Veronica Mars sparked a few refs this past week. Houston Press’s Stephanie Zacharek wrote that the new film is like fan fiction without the delusional megalomania. In the Syndey Morning Herald, Darryn King wrote When fans heard that the series was in danger of being axed, they didn't stand by cranking out increasingly sexy fan fiction (though there's plenty of that around). And, several less-mainstreamy publications, such as The Escapist, shared that Veronica Mars Fan Fiction Will Be Published By Amazon through Kindle Worlds (Marshall Lemon).
In the Fort Scott Tribune, Jason E. Silvers profiled local author Kathryn Salsbury, who is currently enjoying the success of her debut novel, "The Plan," an erotic fiction novel published in February. The book originally started as online [Twilight] fan fiction stories written in "real time" as daily journal entries from the point of view of the book's lead female character.
For Wired’s Underwire, Angela Watercutter wrote Like X-Files fanfic writers, bronies have made My Little Pony Friendship is Magic something all their own. (I didn’t read enough of the article to figure out why she drew that particular parallel.)
It seems that Girls creator Lena Dunham is going to be writing some Archie comics; For those who cannot wait until 2015, here at CBC Books we've created some Lena Dunham-inspired Archie fan fiction.
Drew Grant’s response in New York Observer to a critic’s suggestion about how to lend Girls some gravitas: I’m sorry…is this fan fiction? What is this?
Newsweek’s Rusty Foster wrote that [Ezra] Klein has been criticized for another hire as well, Brandon Ambrosino, whose schtick is being gay but writing anti-gay fanfic.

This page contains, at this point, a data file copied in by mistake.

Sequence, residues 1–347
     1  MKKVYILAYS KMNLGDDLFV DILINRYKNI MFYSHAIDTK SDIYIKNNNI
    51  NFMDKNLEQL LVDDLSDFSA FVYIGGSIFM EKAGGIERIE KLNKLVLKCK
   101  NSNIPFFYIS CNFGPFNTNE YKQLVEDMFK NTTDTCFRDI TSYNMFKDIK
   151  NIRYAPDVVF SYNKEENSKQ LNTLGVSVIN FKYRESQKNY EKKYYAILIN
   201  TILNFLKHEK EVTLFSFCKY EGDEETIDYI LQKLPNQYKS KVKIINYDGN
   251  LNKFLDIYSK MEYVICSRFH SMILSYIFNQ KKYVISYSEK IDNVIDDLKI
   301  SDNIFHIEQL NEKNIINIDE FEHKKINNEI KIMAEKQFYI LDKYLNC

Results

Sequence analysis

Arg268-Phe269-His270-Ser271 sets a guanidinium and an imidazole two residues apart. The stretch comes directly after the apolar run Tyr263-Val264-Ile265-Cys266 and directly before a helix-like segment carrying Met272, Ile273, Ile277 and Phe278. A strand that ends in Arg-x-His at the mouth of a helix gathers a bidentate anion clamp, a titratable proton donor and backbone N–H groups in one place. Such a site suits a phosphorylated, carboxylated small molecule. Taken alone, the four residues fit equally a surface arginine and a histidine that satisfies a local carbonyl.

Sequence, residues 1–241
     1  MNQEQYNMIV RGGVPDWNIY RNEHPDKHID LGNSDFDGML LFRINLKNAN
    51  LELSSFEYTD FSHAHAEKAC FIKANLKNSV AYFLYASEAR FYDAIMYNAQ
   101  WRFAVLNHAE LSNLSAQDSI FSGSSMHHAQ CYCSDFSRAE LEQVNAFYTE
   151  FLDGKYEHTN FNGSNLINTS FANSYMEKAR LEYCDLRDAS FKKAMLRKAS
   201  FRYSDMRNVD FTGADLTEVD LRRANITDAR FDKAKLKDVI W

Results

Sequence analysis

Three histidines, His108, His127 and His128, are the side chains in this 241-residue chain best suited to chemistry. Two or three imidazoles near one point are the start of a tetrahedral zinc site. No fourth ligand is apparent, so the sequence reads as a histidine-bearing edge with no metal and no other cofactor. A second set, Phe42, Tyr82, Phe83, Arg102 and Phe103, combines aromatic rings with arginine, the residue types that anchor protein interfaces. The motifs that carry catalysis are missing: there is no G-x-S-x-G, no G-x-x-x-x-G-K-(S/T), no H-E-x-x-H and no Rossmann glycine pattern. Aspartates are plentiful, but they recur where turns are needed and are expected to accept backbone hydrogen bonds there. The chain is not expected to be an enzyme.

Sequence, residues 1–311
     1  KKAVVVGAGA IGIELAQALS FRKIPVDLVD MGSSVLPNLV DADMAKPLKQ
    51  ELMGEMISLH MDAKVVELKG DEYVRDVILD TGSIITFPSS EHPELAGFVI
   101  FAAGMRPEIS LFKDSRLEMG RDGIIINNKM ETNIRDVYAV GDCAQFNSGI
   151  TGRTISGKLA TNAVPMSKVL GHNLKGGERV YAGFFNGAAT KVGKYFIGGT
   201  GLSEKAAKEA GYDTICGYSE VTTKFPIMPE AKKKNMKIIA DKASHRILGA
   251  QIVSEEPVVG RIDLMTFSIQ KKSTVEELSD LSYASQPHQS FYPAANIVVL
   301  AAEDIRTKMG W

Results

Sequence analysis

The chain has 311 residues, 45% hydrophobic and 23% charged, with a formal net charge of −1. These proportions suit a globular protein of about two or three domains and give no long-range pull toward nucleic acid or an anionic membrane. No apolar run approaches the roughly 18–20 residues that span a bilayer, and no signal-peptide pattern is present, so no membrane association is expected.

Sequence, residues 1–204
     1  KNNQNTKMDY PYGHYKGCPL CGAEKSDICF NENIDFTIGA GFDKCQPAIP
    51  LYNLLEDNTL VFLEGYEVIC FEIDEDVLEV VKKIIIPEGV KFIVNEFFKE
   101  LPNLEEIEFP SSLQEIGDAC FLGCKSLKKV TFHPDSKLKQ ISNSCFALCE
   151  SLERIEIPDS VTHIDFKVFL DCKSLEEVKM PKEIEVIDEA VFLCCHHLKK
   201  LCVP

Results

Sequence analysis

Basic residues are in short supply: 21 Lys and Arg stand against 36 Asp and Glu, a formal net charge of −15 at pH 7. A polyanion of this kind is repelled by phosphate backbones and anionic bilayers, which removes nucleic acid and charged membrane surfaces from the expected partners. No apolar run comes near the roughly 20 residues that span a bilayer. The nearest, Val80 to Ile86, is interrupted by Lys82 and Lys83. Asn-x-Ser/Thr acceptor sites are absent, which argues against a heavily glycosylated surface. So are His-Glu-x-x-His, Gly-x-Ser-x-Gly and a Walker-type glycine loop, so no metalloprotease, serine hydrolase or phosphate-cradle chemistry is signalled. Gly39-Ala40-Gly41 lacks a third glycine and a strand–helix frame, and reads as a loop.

Darren Franich, for Entertainment Weekly’s Popwatch, in an interesting article about True Detective and the fan experience: Everyone experiences art and entertainment in their own way. (I never really understood the instinct towards writing FanFiction — but I did spend a year and a half basically writing Jersey Shore FanFiction.)
College Times published some College Fanfiction by Jorge Salazar.
In Publishers Weekly, Sally Lodge wrote about Scholastic’s new The Worlds Collide online hub [which] will also offer kids weekly rewards, including fan fiction story-starters.
For West Seattle Herald, in an article about fandom, Kyra-lin Hom wrote Then there was the Internet and suddenly, even if a storyline only had 100 followers out of 7 billion people on this planet, those 100 fans could all find one another and forge a fandom. A fandom is exactly what it sounds like. It is an intangible kingdom consisting of everything related to a particular story – be it a book, TV show, game, whatever. The residents are the fans, constantly consuming and generating their own fandom content through chatrooms, role-play, cosplay, fanfiction, fanart, or even just talking obsessively about it with their friends.
Finally, for Khaleej Times, Vir Sanghvi concluded an article on Sherlock Rather than trusting Batman, James Bond or Tarzan to the owners of the copyrights, the digital world is going to hand such iconic characters over to the people who understand them best — their fans.